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Smell & Taste (Chemosensory) Disorders

What Are Smell & Taste Disorders?

Chemosensory disorders cause a loss or distortion of the sense of smell and/or taste. The ability to smell and taste start when molecules of substances stimulate sensory cells high inside the nose (olfactory nerve cells) or food and beverage stimulate the taste buds of the mouth or throat (gustatory nerve cells). The stimulated sensory cells transmit messages to the brain to identify as a particular taste or smell.

Smell and taste disorders can be the result of a number of health issues, including:

  • Head injuries

  • Hormonal changes (e.g. thyroid disorders)

  • Illnesses, such as a cold, the flu or a sinus infection

  • Nasal polyps

  • Radiation treatment for cancer

  • Smoking or using drugs like cocaine

  • Surgery of the ear, nose or throat

  • Other medications (e.g. blood pressure medicine)


When chemosensory disorders are present, symptoms might include:

  • Changes in taste or smell — Normally pleasant smells or tastes can become unpleasant, or things don’t taste as they should.

  • Inability or reduced ability to taste or smell — It’s rare for people to be completely unable to smell or taste, but it’s not uncommon to have a weakened ability.

  • Smelling phantom odors — Also known as an olfactory hallucination, sufferers of this condition smell odors that aren’t there.

  • Phantom taste perception – A constant unpleasant taste, even when not eating.

Treatment Options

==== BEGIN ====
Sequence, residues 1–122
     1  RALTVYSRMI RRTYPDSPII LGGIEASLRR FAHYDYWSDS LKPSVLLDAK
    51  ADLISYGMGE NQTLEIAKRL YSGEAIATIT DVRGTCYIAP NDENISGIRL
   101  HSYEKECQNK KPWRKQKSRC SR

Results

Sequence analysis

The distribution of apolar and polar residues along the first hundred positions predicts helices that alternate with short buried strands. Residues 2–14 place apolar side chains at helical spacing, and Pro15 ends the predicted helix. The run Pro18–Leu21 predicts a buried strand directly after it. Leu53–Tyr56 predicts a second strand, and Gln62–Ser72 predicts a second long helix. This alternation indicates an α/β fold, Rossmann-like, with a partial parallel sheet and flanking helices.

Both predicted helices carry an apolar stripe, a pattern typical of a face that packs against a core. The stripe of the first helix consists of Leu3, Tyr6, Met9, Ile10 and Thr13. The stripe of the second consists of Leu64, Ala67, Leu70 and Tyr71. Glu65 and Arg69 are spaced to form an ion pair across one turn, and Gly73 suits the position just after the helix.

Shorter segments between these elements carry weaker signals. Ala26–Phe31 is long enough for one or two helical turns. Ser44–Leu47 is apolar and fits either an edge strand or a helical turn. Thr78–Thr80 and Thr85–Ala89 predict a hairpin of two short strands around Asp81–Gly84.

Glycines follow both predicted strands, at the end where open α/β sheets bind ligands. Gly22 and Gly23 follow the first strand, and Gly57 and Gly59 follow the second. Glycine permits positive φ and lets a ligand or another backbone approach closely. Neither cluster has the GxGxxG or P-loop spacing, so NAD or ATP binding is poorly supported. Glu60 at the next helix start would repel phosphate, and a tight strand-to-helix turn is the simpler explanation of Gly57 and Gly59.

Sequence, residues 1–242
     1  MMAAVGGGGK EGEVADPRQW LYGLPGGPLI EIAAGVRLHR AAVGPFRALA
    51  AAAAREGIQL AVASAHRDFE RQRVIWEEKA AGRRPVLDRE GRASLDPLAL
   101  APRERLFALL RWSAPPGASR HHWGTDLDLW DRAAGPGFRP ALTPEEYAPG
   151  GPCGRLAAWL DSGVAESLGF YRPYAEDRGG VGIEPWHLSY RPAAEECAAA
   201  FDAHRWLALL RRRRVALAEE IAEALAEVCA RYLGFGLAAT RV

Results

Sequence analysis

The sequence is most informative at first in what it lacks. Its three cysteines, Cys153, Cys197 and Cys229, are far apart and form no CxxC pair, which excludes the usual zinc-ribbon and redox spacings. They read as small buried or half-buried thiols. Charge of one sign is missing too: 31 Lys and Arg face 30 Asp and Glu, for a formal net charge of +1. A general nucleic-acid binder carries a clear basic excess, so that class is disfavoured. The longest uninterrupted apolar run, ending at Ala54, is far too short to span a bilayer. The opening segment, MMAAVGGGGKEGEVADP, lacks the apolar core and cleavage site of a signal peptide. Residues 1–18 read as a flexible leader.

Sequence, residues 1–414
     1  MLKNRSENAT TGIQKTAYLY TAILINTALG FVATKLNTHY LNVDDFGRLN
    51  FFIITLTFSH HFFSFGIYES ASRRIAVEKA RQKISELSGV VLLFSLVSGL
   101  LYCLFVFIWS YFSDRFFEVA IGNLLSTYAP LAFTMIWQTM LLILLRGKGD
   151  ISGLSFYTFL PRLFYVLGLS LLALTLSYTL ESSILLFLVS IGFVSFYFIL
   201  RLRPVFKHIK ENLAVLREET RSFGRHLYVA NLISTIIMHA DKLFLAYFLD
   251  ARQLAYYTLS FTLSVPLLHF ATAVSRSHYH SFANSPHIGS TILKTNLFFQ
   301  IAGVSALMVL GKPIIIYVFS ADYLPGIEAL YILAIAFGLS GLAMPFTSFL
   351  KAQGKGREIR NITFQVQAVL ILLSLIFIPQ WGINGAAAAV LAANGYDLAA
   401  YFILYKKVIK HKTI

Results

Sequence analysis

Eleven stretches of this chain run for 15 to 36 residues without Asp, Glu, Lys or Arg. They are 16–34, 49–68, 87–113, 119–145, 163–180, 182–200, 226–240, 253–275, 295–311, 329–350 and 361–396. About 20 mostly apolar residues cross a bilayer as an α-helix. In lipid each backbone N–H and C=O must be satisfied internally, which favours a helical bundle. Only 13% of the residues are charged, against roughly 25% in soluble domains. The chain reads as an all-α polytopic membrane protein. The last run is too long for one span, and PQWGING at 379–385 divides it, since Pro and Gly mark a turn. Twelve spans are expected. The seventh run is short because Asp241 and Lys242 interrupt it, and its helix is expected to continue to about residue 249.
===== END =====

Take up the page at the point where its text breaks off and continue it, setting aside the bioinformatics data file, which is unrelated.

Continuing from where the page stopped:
Treatment for smell and taste disorders depend on the underlying condition, so treatment may include:

  • Managing health conditions — Smell and taste may return when underlying health issues, such as respiratory infections or nervous system disorders are addressed.

  • Medication management — Some medications can alter the senses of taste or smell, so stopping or changing the dosage of these medications may help. Patients should not stop taking prescribed medications without first talking with their doctor.

  • Smoking cessation — Toxic chemical exposure accounts for up to 5 percent of all olfactory disorders, and toxic chemicals include cigarette smoke.

  • Smell retraining — Repeated short-term exposure to odors for 3-6 months may improve/recover the sense of smell.

  • Surgery — Removing polyps or other obstructions may stop chemosensory process interference.

Ready for an Appointment?

If you're experiencing signs or symptoms of smell and taste, schedule an appointment or call 800-TEMPLE-MED (800-836-7536) today.

Learn more about our doctors and care team who diagnose and treat smell and taste.